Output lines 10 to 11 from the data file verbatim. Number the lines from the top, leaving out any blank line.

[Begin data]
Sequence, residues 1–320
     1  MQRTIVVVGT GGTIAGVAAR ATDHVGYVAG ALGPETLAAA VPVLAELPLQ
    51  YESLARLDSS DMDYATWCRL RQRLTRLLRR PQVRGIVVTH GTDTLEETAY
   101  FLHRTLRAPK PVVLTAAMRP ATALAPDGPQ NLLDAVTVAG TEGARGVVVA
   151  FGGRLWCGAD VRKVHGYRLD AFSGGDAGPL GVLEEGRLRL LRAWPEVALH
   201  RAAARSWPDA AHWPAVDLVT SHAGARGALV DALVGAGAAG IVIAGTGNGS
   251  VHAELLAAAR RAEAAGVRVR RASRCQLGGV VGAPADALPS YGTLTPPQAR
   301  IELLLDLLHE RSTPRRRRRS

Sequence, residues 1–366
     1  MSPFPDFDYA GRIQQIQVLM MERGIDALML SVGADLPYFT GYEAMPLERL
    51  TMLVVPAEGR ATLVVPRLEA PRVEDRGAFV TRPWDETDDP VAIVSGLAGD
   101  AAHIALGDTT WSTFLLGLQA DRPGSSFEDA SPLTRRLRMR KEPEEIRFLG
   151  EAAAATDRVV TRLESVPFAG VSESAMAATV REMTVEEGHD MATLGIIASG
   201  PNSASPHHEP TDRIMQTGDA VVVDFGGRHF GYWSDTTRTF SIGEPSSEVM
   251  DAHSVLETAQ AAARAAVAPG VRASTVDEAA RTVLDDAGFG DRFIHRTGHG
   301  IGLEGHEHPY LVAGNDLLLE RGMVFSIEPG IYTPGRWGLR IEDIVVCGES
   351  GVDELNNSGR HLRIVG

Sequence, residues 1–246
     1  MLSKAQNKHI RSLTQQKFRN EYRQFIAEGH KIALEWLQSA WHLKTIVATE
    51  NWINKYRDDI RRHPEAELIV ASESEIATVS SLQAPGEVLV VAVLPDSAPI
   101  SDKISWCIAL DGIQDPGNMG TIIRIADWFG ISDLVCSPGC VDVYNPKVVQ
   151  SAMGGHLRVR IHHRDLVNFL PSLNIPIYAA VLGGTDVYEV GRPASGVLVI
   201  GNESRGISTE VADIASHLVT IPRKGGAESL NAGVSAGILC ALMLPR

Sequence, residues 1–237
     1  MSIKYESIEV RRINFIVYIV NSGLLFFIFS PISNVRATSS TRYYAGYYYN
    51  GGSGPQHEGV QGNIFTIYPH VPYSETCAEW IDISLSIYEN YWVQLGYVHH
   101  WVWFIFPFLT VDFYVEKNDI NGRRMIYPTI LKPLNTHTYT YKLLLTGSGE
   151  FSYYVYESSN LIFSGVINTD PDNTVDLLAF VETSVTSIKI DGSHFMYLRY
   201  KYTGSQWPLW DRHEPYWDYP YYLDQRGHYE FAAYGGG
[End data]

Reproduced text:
     1  MSPFPDFDYA GRIQQIQVLM MERGIDALML SVGADLPYFT GYEAMPLERL
    51  TMLVVPAEGR ATLVVPRLEA PRVEDRGAFV TRPWDETDDP VAIVSGLAGD